A century ago military powers used sophisticated visual shape-disrupting techniques to conceal weapons of war, and to hide resources during wartime. The artform was mastered by members of the Women's Reserve—NYC art students who signed up and used their knowledge to enhance the art of camouflage and deception. They developed numerous techniques to camouflage individuals. Camouflage functions by either decreasing contrast of the object being hidden, or by disrupting its shape profile so that the hidden object cannot easily be identified and/or properly categorized.
The Women Reserve also camouflaged naval vessels, and the US Navy had its own office dedicated to the critical function, as did foreign navies such as the British Navy. Naval designs were intended to make the ships more difficult to track and precisely position, so as to thwart would-be torpedo attacks.
The views expressed are those of the author(s) and are not necessarily those of Scientific American.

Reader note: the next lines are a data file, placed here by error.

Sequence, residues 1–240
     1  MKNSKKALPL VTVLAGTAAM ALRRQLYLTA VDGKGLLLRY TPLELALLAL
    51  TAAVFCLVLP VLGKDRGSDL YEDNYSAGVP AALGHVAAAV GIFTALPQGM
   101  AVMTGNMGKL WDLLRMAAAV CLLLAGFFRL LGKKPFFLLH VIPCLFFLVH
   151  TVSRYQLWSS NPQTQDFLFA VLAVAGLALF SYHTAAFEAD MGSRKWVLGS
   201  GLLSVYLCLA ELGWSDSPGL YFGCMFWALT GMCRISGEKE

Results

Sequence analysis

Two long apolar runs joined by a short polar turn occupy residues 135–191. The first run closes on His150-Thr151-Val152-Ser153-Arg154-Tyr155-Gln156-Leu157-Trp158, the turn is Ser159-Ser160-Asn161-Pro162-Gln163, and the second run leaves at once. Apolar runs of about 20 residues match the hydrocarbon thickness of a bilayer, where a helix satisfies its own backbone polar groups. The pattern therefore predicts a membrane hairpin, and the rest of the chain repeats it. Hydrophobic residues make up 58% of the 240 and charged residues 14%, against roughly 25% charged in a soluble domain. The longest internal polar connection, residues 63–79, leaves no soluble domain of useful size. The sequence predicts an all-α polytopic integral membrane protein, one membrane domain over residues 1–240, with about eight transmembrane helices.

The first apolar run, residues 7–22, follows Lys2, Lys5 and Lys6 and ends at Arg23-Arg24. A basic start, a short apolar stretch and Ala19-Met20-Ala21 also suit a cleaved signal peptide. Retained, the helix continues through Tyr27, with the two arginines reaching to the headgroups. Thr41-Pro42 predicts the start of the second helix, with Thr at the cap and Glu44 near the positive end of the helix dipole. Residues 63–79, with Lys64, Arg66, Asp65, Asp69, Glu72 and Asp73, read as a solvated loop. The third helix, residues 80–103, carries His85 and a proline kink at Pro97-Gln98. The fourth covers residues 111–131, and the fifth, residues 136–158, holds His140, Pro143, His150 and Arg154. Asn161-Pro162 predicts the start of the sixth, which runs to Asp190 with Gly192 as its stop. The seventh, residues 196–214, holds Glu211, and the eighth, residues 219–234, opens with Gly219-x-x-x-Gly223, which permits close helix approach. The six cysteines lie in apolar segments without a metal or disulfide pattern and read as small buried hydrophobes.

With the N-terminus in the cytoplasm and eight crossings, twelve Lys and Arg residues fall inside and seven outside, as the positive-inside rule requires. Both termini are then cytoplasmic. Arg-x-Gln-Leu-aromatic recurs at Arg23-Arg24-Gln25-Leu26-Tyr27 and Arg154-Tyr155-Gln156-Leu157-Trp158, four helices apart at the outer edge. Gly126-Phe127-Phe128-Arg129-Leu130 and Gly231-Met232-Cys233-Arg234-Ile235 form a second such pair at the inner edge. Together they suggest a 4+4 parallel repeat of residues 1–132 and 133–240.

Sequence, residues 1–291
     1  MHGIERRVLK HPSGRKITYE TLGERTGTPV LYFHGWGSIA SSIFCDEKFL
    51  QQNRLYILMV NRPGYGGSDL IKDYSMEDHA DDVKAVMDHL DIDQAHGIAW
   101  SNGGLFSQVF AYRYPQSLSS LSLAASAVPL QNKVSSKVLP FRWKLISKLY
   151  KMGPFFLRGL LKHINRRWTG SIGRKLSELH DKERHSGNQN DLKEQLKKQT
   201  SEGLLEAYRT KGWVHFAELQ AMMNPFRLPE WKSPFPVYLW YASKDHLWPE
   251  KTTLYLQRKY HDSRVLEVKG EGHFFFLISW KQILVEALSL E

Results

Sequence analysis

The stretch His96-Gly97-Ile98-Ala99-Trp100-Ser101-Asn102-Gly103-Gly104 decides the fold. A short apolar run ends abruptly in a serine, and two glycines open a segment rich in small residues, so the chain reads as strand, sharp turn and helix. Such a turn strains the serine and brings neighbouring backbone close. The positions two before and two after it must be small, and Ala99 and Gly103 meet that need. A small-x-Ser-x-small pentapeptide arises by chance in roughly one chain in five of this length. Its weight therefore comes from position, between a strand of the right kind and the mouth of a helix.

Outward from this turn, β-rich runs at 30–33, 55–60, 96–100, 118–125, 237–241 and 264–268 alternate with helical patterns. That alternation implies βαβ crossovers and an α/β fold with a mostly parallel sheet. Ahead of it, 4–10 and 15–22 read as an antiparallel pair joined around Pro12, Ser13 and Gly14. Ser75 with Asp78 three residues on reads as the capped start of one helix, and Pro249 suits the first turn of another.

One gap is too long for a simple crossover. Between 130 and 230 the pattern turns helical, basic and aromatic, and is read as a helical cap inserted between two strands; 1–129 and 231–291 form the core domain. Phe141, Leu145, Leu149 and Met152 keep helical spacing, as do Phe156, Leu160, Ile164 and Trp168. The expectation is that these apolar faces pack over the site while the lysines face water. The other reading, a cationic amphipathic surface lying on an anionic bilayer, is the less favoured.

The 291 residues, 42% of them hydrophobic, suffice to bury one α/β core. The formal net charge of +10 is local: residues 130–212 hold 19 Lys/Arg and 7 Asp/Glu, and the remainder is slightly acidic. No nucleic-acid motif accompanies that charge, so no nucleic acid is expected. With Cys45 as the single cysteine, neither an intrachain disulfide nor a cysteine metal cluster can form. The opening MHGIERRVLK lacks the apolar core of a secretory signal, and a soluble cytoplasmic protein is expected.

ABOUT THE AUTHOR(S)
Stephen L. Macknik
Stephen L. Macknik is a professor of opthalmology, neurology, and physiology and pharmacology at SUNY Downstate Medical Center in Brooklyn, N.Y. Along with Susana Martinez-Conde and Sandra Blakeslee, he is author of the Prisma Prize-winning Sleights of Mind. Their forthcoming book, Champions of Illusion, will be published by Scientific American/Farrar, Straus and Giroux.
Secret UFOs, Green Rays and Why ET Is Not Coming to Christmas Dinner
By Susana Martinez-Conde on December 24, 2017
The Tilted Road Illusion
By Susana Martinez-Conde on February 11, 2018
Illusions from the National Archives in New York CityNational Archives of New York City archivist Christopher Zarr reveals how deeply the art form of camouflage was pursued 100 years ago during World War I